HFSS products on gondola ends are not allowed under the rules

Some supermarket stores are showing a “blatant disregard” for the government’s clampdown on promotions of products high in fat, sugar or salt (HFSS), while cash-strapped local authorities are unable to take effective action thanks to a chronic lack of enforcement staff, claims a new report by leading health campaign groups.

An investigation by the Obesity Health Alliance (OHA) found that while most stores have been operating “within the spirit of the law” since rules banning HFSS products in prominent locations came into force in October last year, others had been largely ignoring the rules.

Research carried out between July and October this year covering 25 stores across London, the south west and north east of England, including supermarkets and convenience stores, found more than 70% were “mainly” compliant.

However, it found in seven stores there were potential breaches, with unhealthy food displayed in key locations, while in two stores most promotions were non-complaint.

“Some stores were showing a blatant disregard for the policy and for child health and were ‘mainly’ non-compliant,” says the report.

“We found staff in compliant stores had a high awareness that they should not be placing unhealthy food and drinks near the checkouts and other high dwell time areas.”

But it adds: “In low compliant stores, staff had been left in the dark.”

The OHA, a coalition of more than 40 health campaign groups, said its findings also showed the Trading Standards staffing crisis was having a major impact on enforcement of the new rules. The lack of enforcement capacity is despite the government shelving a key part of its original proposals, the ban on HFSS multibuy promotions, until October 2025.

The survey found that while there was “good awareness” of the legislation among Trading Standards officers, the number of inspections carried out was “minimal”.

“Officers reported staffing issues and competing priorities as key issues,” said the report. “Reporting of potential breaches in-store is a challenge.”

The Grocer has previously revealed growing concern the ban is not being enforced.

Stores that fail to comply with the rules on HFSS promotions can be served with improvement notices by local authorities, which can escalate to fines from £2,500 upwards, and even criminal prosecutions.

However, last month the FSA warned there were “critical” shortages of frontline enforcement staff to carry out food safety and food law checks.

In October, OHA director Katharine Jenner told The Grocer she was generally “incredibly impressed” with the way the big retailers have responded to the new rules a year on. She said it was “not just the fancier ones but the budget supermarkets too”.

However, Jenner also pointed to examples of “atrocious” compliance and said retailers were being allowed to break the rules because of the lack of enforcement capacity.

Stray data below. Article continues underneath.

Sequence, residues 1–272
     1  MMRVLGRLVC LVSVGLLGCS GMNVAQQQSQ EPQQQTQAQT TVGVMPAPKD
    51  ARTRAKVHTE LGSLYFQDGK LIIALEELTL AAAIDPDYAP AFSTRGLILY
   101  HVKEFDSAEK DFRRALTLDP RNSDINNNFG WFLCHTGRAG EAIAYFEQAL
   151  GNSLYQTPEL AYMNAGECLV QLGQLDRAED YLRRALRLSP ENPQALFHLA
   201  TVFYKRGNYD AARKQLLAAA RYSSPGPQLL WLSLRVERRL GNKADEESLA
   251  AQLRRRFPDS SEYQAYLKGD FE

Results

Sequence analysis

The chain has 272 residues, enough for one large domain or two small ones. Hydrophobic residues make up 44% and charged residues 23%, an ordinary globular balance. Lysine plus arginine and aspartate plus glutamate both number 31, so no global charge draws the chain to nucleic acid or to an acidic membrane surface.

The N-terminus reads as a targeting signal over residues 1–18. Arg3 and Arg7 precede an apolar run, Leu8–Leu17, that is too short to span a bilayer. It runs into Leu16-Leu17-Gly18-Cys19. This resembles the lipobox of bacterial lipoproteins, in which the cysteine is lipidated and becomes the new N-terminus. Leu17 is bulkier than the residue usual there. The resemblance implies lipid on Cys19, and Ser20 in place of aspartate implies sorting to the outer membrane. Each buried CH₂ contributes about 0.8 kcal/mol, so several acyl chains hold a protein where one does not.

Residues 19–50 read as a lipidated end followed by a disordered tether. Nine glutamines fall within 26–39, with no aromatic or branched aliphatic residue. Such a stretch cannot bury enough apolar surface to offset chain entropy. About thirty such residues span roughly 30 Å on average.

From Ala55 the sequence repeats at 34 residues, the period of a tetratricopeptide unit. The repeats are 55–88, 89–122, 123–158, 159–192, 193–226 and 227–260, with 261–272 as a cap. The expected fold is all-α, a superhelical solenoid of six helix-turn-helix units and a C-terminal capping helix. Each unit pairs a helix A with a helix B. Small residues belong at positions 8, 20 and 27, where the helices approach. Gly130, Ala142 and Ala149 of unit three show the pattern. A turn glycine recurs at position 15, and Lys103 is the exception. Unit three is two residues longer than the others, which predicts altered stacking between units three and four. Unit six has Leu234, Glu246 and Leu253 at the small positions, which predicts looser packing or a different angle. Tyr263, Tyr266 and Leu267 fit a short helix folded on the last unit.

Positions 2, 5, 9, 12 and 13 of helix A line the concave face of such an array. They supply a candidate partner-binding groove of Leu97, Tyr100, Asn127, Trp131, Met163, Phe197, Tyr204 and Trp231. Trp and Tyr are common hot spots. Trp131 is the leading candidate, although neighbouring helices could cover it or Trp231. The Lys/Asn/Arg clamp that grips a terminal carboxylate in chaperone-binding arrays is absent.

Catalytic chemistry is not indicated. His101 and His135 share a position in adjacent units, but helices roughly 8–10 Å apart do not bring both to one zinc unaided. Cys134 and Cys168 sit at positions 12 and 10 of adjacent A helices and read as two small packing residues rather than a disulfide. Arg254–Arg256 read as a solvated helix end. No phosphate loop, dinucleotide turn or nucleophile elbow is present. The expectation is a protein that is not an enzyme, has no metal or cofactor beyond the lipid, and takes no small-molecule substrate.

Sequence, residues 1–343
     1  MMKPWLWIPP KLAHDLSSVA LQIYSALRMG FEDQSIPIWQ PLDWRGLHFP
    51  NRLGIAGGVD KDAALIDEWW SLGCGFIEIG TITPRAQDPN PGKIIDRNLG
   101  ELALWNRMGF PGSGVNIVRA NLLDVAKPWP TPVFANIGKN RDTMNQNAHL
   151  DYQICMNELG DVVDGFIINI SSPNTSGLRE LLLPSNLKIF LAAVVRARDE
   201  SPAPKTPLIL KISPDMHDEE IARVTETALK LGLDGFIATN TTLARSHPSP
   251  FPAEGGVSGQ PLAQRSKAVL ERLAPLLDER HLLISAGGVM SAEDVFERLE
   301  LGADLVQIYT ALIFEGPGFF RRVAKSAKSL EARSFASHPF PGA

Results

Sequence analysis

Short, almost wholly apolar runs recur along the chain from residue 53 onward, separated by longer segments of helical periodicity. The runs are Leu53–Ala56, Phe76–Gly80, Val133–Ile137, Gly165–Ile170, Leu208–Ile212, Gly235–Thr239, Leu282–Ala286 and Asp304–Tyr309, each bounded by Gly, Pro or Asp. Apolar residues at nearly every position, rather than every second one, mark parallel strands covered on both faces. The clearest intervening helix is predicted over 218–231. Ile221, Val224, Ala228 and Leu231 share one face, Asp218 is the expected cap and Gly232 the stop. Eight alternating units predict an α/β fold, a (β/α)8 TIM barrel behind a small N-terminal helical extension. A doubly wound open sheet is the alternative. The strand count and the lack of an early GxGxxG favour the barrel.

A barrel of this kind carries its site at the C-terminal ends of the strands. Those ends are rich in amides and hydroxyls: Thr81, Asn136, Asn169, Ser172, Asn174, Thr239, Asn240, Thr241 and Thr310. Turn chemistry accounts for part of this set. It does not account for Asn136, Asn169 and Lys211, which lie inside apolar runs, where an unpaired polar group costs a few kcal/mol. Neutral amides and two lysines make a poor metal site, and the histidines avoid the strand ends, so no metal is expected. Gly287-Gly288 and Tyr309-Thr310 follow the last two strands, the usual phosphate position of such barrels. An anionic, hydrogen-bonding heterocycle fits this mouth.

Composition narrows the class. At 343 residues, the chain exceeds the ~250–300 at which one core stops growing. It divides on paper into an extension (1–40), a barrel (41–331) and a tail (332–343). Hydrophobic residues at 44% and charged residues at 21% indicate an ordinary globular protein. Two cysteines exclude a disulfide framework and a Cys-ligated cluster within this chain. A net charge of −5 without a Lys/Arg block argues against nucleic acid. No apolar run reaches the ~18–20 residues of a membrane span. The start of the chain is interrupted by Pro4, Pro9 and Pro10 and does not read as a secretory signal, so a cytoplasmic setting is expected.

The Grocer revealed in May the government was providing less than £35k a year to Trading Standards in England – less than £250 per local authority – to enforce the rules.

Action on Sugar, one of the groups in the Alliance, has accused some retailers of actively looking for loopholes to exploit the situation.

One leading expert told The Grocer compliance to the HFSS rules had been “very patchy”.

“It varies massively from store to store, but every day I see examples of breaches. It has happened on a regular basis.”

The OHA also carried out checks on supermarket websites, where prominent promotions of HFSS products are also subject to restrictions, but said it found “good adherence to the legislation”.

The report concluded many retailers were “doing their bit” to enforce the regulations, but said stores where potential breaches had been found “need to work harder to take unhealthy food out of key locations”.

The report calls on the government to commit to regularly reviewing the legislation to ensure it is fit for purpose, as well as ensuring adequate funding is provided to local authorities in order to effectively implement the legislation, and ensure this is ring-fenced.

It also urges the government to revive shelved plans for the ban on HFSS multibuys and a clampdown on junk food advertising.

“Promotion of HFSS food and drink at key locations in store will only address one part of the marketing mix,” said the report.

“To fully take less healthy food out of the spotlight and protect children’s health, promotions by price and marketing across TV, online media and other platforms such as outdoor spaces needs to be addressed.

“We urge the government to release the consultation response for the 9pm watershed restrictions of HFSS advertising on TV and online media, and bring in restrictions on multibuys of unhealthy food.”

“Retailers have invested hundreds of millions of pounds implementing new HFSS regulations,” said BRC director of food and sustainability Andrew Opie.

”One of the biggest challenges has been the lack of clarity and guidance from Government on how to apply them in store; leaving retailers to do their best to interpret and apply them.

”We have worked with the key enforcement bodies who have appreciated retailers’ investment to make the regulations work and we’re confident there is widespread compliance by the supermarkets.”